Yet we awaited our vacation in Vietnam. After all this was an 11 day Vietnam cruise and we would at least see three of the 4 Vietnam ports promised. The night before we were advised that we would dock at 7:00am and we were given exit cards for Vietnam.
Waking up on the day of our first Vietnam port, Chan May, I was greeted by a beautiful sunrise but no land in sight. It was 6:30 and we were to dock at 7:00am...where was the land. Something was not right. I scrambled to the TV channel which displayed the boats navigation details to see the boat had completely turned around; we were heading South and we were south of Da Nang. NCL should have effectively communicated what was happening. I called our concierge (who seemed to know everything) but was told that the Captain had not advised them of anything. Clearly a lie as the Concierge was not at the preferred disembarkment area at the predetermined time. Instead, 7 am (our docking time) quickly passed, next the tour meeting times passed, still no land in sight. It took until 10 am for the Captain to come on the intercom and read a legal-department approved message; verbatim from the document we later received describing that Vietnam closed their ports to cruise ships. We would no longer be stopping in any of those 4 planned ports. Our compensation: NCL would reimburse “reasonable charges for airfare changes, a 10% refund of the price of the cruise and an increase to 50% off a future cruise. Pretty unreasonable for an 11 day Vietnam cruise that never stops in Vietnam. From that point on the remainder of the “holiday” was far from it. With our extra days at sea and 5 missing ports, the exceptional vacation experience quickly disappeared. Unanticipated activities had to be scheduled and continually repeated, and the lack of pre-planning was visible. The crew themselves were visibly stressed by the change in schedule and the additional work placed on them. The passengers became distressed, worried, and aggravated. The series of itinerary changes and removal of passengers led to many of those final sea days being spent concerned that Singapore would not allow us to dock in their port.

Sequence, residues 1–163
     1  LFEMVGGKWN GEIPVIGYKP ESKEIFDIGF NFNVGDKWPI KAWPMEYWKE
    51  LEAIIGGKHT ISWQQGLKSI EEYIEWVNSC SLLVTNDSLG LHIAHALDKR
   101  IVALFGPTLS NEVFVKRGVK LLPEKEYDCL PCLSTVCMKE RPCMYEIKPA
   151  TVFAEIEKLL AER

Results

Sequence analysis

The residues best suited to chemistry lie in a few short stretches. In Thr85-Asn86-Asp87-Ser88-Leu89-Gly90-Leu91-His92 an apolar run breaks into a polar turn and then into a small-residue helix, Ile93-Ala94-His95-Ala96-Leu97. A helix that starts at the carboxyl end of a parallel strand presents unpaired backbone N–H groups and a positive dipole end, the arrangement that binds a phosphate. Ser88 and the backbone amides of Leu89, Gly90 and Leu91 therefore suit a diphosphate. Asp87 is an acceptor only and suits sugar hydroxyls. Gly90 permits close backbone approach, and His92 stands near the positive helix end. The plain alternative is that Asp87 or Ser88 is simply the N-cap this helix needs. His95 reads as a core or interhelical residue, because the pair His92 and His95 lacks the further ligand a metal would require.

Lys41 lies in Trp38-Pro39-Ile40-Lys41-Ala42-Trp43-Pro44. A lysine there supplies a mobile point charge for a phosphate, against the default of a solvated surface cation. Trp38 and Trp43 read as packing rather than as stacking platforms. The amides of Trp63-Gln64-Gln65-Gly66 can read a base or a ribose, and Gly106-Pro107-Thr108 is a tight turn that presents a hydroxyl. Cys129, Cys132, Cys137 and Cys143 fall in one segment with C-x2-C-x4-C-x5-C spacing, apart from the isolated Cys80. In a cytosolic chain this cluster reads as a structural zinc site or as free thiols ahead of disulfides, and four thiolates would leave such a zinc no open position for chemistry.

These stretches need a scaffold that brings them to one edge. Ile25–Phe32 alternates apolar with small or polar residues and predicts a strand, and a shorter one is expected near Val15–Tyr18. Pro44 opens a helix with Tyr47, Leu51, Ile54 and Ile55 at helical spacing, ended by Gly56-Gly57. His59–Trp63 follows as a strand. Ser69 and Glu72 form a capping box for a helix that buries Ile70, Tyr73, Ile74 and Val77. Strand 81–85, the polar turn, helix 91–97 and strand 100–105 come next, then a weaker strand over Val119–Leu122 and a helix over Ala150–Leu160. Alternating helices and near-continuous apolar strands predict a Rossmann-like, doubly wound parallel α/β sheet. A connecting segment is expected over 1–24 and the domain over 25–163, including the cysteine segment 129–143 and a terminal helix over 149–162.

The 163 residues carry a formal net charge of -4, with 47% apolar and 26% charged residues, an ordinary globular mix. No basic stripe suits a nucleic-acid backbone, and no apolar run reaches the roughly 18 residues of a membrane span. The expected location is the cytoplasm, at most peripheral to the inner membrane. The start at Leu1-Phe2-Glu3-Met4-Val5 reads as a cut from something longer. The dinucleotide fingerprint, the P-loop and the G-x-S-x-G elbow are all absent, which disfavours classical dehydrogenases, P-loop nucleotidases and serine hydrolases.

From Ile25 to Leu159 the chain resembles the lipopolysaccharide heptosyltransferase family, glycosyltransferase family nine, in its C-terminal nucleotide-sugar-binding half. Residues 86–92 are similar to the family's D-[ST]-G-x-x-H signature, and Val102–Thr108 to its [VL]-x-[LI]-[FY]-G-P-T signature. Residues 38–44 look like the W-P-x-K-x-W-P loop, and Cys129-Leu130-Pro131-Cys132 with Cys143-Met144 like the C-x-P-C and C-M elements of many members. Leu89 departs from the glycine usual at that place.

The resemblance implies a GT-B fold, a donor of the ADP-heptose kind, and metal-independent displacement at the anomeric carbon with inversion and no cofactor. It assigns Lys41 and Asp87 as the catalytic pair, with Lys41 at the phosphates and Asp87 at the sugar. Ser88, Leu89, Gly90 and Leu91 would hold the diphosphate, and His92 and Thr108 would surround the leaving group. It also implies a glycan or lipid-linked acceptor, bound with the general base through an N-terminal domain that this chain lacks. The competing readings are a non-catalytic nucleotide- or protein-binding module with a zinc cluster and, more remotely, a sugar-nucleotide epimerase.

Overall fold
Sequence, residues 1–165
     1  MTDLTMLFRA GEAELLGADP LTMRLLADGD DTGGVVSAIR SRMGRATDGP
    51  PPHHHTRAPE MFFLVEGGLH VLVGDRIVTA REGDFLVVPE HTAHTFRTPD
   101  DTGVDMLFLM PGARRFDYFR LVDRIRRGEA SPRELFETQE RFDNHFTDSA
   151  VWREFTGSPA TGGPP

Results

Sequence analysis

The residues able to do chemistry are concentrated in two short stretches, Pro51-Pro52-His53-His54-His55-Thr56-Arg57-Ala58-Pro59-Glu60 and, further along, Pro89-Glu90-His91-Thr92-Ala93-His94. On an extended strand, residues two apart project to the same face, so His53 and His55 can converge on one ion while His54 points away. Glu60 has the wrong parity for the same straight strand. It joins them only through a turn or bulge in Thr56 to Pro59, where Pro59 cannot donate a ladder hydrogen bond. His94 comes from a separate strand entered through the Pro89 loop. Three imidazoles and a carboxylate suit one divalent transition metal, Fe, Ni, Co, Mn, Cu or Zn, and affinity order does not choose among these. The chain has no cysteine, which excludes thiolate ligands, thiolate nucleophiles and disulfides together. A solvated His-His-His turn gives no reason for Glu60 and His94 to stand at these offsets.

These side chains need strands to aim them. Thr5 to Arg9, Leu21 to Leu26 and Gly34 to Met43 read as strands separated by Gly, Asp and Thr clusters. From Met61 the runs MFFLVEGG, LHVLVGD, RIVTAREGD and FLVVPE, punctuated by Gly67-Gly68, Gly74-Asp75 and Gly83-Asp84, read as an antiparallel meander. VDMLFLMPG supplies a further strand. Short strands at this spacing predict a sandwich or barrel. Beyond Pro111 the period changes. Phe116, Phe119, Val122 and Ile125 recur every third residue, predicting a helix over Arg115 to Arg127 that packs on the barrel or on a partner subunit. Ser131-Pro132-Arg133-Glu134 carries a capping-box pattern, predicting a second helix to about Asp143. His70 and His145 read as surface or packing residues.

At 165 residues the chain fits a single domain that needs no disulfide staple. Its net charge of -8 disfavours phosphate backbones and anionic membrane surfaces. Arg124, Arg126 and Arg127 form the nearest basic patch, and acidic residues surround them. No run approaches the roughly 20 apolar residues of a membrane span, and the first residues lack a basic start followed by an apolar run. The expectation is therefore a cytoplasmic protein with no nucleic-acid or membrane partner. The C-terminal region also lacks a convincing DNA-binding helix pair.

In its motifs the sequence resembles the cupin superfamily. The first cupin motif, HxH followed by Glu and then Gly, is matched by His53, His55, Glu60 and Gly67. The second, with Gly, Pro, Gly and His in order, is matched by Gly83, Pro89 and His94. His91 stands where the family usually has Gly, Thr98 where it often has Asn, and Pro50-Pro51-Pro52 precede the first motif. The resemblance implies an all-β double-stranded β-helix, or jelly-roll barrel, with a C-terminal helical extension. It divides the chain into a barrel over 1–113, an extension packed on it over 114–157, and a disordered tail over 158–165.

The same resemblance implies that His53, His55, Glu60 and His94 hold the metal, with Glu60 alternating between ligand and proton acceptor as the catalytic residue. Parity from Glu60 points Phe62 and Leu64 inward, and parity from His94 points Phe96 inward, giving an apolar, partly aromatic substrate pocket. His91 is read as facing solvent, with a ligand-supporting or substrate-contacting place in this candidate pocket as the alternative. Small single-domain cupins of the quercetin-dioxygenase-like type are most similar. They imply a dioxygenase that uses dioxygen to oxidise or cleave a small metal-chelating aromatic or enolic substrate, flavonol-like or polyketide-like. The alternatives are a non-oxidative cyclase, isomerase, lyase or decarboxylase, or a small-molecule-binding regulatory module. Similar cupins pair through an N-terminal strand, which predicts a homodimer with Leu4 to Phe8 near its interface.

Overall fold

The cabin was nice and large (aft facing penthouse ) but when the ship was stopped the diesel fumes were bad even in the room with the door closed.
The food at the buffet was good, typical NCL but there were two very off nights when the food was bad. OSHeehans was very good as is Cagneys. THe food in the asian restaurant (other than the sushi) was inedible.
The common areas are very good.
The entertainmant was poor but likely because we missed so many ports that they were unable to change the entertainers so it got repetitive.
Norwegian Cruise Lines owes the passengers and crew of the Norwegian Jade an apology and a full refund. Not only because of the changes required due to the Coronavirus but because of poor decisions making which lead to the ship stopping in only two of the original 7 ports, none of which were in Vietnam and the terrible lack of communication ensuring an environment conducive more of mutiny than of fun.
In all aspects of this situation, NCL has acted with reckless disregard for their passengers and completely failed to provide what was promised: an 11 day Vietnam cruise.
The cabin was great except for the fact that when the ship is stopped you smell the exhaust fumes.
I can assure you that no NCL officer has visited this port in the last two years. If one had, it would not be on the itinerary. If you look at TripAdvisor or any of the other travel sites, you will see the disgust and low ratings afforded to this port and the activities. NCL's own lecturer on the cruise ship advised there is a huge amount of construction of Chinese resorts and casinos making the port unpleasant. Passengers who booked tours there through NCL received a notice that they may want to cancel their tour as they will likely not enjoy the port due to the situation there. Even without the construction, the port has nothing to offer. The market is bad and unsanitary. The beaches have refuse and excrement and construction debris. The national park is devoid of wildlife (and according to TripAdvisor have been so for quite a while because of the construction). On disembarking NCL offered a shuttle to the port gate. The shuttle was an old bus with open windows and no door. Once we got on the bus, at least a dozen tuk-tuk drivers jumped through the windows and door and started harassing the passengers to buy tours. While this often happens to some degree at every port, this was particularly awful and you were surrounded by mobs of tuk tuk drivers who did not understand the word “no.” While NCL has no control over what happens once leaving the ship, the fact that you would include such a port (and not warn passengers as part of the booking) is more evidence of your lack of concern.
nice to see once. bagkok very far from the port. very big city and other than the temples and river, very much like any other big crowded city. very good food.